In 2004, the Ellesmere Island ice caps appeared as eye-catching bright white spots on a vast landscape. NASA’s images from the period show snow scattered around the land, suggesting an area of deep cold. Fast-forward to 2015 where images taken of the same location show that the snow and ice have vanished, creating a barren space with two small bodies of water where the ice caps once stood.
NASA’s images highlight the impact of climate change directly and indirectly, by including pictures showing the impact of population growth. An example of this is the development of infrastructure in places such as Huang He delta. A photo from 1985 shows an untouched coastline. When compared to a photo from 2014, the once empty space is shown to have been replaced by the tell tale shapes of a city’s infrastructure. Roads and buildings litter the space.
The creep of agricultural development into previously undeveloped land near Qasr al Farafra, Egypt speaks to the world’s ever-increasing need to feed a growing population. Images show the transformation of the previously monotone and endlessly empty space into a landscape that is marked by large expanses of green vegetation.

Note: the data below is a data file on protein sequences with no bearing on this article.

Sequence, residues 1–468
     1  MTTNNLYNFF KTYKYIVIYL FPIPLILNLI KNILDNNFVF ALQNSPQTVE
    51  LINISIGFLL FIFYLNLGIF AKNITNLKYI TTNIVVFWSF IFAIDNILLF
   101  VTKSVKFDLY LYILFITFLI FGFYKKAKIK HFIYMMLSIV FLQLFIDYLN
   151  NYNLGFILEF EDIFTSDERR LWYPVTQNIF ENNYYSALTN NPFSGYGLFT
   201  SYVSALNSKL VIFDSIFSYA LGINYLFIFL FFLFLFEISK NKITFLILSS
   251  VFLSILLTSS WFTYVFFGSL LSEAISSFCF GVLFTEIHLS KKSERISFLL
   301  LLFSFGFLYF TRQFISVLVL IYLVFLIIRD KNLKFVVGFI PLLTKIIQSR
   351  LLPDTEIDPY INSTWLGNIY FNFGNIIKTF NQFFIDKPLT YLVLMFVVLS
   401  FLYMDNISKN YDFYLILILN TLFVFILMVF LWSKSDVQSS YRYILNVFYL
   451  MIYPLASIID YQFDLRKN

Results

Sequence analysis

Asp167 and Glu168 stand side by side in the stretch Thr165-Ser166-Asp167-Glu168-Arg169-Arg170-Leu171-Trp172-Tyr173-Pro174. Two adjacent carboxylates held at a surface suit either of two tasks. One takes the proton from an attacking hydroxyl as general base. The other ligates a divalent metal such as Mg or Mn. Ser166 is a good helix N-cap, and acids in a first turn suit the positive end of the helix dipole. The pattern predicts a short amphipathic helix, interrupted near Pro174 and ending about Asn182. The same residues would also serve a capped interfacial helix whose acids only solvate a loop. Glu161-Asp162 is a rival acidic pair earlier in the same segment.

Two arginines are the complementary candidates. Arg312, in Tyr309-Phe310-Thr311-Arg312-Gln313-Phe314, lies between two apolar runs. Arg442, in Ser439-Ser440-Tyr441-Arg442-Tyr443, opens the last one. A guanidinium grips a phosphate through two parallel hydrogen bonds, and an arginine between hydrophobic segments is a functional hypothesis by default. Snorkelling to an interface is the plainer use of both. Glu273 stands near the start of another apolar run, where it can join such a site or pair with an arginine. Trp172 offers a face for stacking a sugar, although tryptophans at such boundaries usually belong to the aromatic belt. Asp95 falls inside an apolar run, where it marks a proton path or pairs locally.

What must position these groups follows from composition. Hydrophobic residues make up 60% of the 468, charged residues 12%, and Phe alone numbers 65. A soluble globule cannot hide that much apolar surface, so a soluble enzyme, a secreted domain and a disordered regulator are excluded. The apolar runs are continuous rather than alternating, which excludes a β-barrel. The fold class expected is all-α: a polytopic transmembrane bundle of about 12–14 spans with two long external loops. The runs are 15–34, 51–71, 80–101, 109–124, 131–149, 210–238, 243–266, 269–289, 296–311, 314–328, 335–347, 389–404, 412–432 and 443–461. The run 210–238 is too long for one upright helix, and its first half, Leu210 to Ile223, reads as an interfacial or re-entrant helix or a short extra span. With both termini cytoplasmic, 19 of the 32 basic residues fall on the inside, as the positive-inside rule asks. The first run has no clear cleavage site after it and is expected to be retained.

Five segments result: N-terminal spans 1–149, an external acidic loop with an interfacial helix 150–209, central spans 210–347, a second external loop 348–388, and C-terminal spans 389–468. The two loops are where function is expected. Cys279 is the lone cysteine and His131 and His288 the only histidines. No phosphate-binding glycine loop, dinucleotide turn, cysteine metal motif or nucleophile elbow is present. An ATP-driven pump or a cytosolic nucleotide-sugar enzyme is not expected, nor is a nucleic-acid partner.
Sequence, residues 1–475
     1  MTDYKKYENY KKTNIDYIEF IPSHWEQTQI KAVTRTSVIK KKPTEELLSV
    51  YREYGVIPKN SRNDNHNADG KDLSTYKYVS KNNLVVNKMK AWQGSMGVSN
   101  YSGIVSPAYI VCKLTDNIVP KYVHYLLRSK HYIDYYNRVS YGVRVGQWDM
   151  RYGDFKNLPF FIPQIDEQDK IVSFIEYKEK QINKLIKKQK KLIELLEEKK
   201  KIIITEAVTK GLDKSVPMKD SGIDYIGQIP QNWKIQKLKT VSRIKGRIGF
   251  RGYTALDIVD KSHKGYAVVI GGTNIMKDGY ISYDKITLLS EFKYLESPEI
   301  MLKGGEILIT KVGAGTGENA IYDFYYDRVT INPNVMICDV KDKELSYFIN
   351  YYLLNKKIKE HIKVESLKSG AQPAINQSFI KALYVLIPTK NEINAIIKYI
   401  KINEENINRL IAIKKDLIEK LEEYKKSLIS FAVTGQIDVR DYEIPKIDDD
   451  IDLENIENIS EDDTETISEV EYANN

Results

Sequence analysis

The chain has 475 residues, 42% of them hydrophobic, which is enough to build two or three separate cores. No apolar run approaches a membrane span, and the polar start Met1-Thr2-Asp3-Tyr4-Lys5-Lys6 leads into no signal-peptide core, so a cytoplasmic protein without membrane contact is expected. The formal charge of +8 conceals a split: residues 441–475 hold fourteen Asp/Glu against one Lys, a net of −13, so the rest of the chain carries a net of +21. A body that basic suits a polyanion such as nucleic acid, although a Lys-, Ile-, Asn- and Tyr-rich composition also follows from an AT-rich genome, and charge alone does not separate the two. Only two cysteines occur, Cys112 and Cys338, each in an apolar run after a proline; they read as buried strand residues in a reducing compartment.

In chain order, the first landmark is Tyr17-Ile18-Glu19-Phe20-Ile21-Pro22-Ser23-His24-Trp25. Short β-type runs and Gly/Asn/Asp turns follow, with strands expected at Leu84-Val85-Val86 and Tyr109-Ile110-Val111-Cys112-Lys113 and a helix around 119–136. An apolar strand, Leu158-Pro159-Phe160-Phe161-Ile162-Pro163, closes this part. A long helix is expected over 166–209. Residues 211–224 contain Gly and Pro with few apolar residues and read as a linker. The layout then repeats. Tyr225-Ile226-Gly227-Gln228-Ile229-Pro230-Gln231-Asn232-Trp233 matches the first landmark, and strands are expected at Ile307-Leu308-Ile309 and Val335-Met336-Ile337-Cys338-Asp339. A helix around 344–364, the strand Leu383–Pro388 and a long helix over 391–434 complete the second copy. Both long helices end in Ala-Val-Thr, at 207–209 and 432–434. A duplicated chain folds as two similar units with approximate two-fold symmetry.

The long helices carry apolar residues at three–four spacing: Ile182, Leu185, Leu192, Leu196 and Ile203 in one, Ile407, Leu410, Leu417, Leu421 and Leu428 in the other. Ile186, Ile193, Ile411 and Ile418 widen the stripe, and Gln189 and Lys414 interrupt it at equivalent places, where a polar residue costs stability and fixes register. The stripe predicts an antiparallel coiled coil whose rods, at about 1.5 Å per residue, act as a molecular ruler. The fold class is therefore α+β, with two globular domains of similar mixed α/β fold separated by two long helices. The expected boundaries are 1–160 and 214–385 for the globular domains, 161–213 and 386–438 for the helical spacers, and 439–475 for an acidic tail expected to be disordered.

The changes seen in the NASA images can be viewed as adding weight to a warning recently issued by the Global Facility for Disaster Reduction and Recovery (GFDRR). Managed by the World Bank, GFDRR is urging cities to prepare for the repercussions of global warming by arguing that potential disasters may originate in someone else’s backyard but extend to unprepared neighbours. The development of an open-source disaster risk management tool, ThinkHazard!, is being offered as a way to gain an understanding of what potential risks exist in an area with the intention of allowing cities to become better prepared to face the challenges.
The availability of NASA’s “Images of Change” gallery, coupled with warnings from organizations like the GFDRR suggest that climate change has already had a profound impact on the planet. Gaining an understanding of the situation will help to mitigate the impact of future disasters, possibly even allowing the human race to prepare and protect themselves from the impact of some of the repercussions of global warming.